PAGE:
Formed December 1944 at Cartierville, Montreal, from Aircraft Division of Canadian Vickers Ltd., as a "Crown Company." Purchased 1946 by Electric Boat Company of New York; later that year became a subsidiary of General Dynamics Corporation. First contract (1944) to build the DC-4m (Merlin-engined version of the Douglas DC-4) for the RCAF. Eventually built 71, including commercial versions, and converted many wartime C-47s into postwar commercial DC-3s. Since 1949 has license-built more than 1,900 North American F-86 Sabre jetfightersforthe RCAF and the U.S. Military Assistance Program; more than 700 Lockheed T-33 SilverStar jettrainers; 200 Lockheed F-104 Starfighters for the RCAF; and 240 Northrop F-5s for the Canadian Armed
Canadair CL-41 ''Tutor''
CL-41 "Tutor"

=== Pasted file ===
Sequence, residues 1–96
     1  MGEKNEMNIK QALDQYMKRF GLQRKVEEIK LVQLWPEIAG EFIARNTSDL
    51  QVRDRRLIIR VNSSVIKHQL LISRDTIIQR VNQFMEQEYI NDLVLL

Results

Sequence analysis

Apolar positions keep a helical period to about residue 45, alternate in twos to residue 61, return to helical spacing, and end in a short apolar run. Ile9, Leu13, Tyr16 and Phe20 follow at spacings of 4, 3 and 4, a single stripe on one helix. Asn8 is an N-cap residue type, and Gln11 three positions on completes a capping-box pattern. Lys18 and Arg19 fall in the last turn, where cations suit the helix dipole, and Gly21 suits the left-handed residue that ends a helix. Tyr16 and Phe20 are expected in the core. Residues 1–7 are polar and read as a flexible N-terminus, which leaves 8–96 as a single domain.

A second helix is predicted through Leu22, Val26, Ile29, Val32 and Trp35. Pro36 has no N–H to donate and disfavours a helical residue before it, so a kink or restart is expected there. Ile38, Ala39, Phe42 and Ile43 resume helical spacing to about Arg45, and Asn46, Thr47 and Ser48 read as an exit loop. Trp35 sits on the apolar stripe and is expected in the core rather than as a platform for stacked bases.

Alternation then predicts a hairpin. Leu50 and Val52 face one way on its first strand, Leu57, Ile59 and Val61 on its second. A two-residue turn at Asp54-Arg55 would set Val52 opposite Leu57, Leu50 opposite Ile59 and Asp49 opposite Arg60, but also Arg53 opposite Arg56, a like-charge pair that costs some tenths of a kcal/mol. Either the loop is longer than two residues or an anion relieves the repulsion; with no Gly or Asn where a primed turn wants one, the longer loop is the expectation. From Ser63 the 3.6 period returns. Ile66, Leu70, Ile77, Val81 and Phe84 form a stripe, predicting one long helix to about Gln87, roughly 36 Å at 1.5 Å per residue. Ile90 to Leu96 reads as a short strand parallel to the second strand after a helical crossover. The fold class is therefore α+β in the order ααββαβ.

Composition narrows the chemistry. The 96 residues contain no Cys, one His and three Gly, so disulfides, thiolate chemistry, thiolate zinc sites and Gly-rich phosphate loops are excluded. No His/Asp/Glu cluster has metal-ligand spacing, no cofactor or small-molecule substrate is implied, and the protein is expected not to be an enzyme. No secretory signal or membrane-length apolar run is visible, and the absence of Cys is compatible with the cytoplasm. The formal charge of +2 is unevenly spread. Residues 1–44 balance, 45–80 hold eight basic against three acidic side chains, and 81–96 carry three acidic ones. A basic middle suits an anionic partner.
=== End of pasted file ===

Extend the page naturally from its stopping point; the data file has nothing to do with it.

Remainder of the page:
Forces and Royal Netherlands Air Force.

Products of its own design have included the CL-28 Argus Maritime patrol aircraft (32 built); CL-41 jet trainer/ground-attack aircraft (210 for Royal Canadian and Malaysian Air Forces); 39 CL-44 Yukon and 44 military/civil transports; three prototypes of the CL-84 tilt-wing VTOL research aircraft; CL-215 twin piston-engined firefighting and utility amphibian (first flown October 1967) and its CL-215T twin-turboprop reengined derivative (first flown June 1989); and Challenger 600 wide-body business jet (first flown November 1978) and 601 follow up. Company was repurchased by the Canadian government in December 1975. Other programs included the CL-89 battlefield reconnaissance RPV, major subcontract work for the U.S. Navy's P-3C Orion and its Canadian derivative, the CP140 Aurora, and manufacture of components for other companies. Canadair became part of Bombardier Aerospace Group in 1992, renamed Bombardier Inc. Canadair.

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CL-28 "Argus"
CL-44 "Forty Four"
CL-41 "Tutor"